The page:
Parents Circle: Jews, Arabs share pain of loss, work for peace in common effort

By Lee Chottiner
Community Editor

Gili Meisler

Gili Meisler and Bassam Aramin have reason to hate each other.
Meisler, an Israeli, lost his older brother in the 1973 Yom Kippur War. The experience radicalized the then-teenager, who joined the anti-Arab Kach party, formed an extremist youth group and refused to study Arabic in school.
Aramin, a Palestinian “fighter” at age 13, was jailed for his activities. A Holocaust skeptic, he saw a film about it behind bars, which affected him, studied it in college after his release, got married and had children. Still, he lost his 10-year-old daughter in 2007, shot by an Israeli soldier.
The two men could have become enemies. Instead, they became friends. (They say “brothers.”)
They also became partners in a common cause: to overcome their grief and become role models for peace in Israel and Palestine.
Meisler and Aramin are members of The Parents Circle-Families Forum (PCFF), a joint Israeli-Palestinian organization made up of more than 600 bereaved families from both sides of the

Bassam Aramin

Green Line whose bond is the loss of a close family member to the conflict.
They shared their experiences during a virtual program on July 18 co-sponsored by The Temple and the Jewish Community Relations Council.
The main focus of PCFF members is to present themselves as role models of sorts. “If we can be together and talk with each other,” Meisler said, “so everybody can.”
PCFF started in 1995 in the head of Yitzhak Frankenthal, an Orthodox Jew whose son died while hitchhiking home from his army base. His murderers, members of Hamas, posed as religious Jews.
During the shiva, Frankenthal decided to channel his pain into reconciliation.
Today, PCFF members hold “dialogue encounters,” like the July 18 program, where they share their backgrounds and personal experiences before audiences.
They also have a “Narrative Project,” through which Israelis and Palestinians of similar backgrounds or disciplines (doctors, artists, etc.) are grouped together, meeting regularly to forge an understanding.
They have summer camps, radio broadcasts, and they hold demonstrations. At one such event, they set up coffins draped with Israeli and Palestinian flags outside the United Nations in New York.
PCFF members have visited Yad Vashem to learn about the Holocaust and toured destroyed Arab villages to understand the Nakhba (catastrophe).
Reconciliation doesn’t mean the two sides must love each other, but it could lead to understanding.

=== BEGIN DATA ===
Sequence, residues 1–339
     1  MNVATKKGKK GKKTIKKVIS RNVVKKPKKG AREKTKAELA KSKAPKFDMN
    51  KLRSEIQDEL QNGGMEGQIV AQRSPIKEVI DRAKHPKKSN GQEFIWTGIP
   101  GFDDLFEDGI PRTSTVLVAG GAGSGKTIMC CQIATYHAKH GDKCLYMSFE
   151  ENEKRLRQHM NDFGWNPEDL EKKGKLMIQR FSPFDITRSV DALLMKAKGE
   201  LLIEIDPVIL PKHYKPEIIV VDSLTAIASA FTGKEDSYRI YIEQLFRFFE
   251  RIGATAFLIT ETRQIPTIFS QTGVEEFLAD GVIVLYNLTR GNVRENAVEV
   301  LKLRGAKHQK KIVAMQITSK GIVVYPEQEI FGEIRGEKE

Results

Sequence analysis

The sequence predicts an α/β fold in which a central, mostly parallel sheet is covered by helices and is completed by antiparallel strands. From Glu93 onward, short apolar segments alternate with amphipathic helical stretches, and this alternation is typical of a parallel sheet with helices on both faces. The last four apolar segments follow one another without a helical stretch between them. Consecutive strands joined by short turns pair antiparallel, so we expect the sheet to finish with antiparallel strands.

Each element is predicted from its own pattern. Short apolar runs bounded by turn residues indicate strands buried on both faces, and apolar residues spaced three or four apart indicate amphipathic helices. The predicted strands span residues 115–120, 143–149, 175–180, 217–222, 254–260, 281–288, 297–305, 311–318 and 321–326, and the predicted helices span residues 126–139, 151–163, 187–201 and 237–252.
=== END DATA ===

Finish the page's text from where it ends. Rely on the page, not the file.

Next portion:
While imprisoned, Armin, who thought the Holocaust was a big lie, saw a film about it.
“After a few minutes I found myself crying … I’m not built to see such atrocities,” he said. After his release, he studied the Holocaust at a university in the United Kingdom.
Meisler, who had started an extremist youth group in high school, began to change when the gardener at his apartment building in Jerusalem – an Arab from East Jerusalem – befriended him. They smoked cigarettes together and talked.
“It became like a habit,” he recalled. “Every morning, we would have our cigarette, our quality time, talking about life. I went out of these meetings every time telling myself, ‘What’s going on here? He’s an Arab. How come I’m talking to an Arab?’ I think this was a huge change in my life because it made me think.”
He said it made him ask questions, too, like why the Jews have a state, but not the Palestinians. Eventually, he stopped going to meetings of the very youth group he had started.
Both men believe that coexistence between Jews and Palestinians is possible, citing the same reason for their optimism: Germany.
“After World War II, we couldn’t imagine a German embassy in Tel Aviv,” Meisler said. Conversely, Aramin added, there’s an Israeli embassy in Berlin.
“We don’t need to love each other, but through our relationships, through our personal relationships, we prove we can be partners, we can be friends, we can be brothers and we can be family,” Aramin said.
When that happens, he added, human life will become even more important than who controls Jerusalem.
One can fight and die for Jerusalem, Aramin noted, although, “I’m not sure if Jerusalem knows who we are.”

Want to help?
To support Parents Circle-Families Forum, visit Also, follow PCFF on Facebook and Instagram. The organization maintains offices in Beit Jala, Palestine and Ramat Ef’al, Israel.

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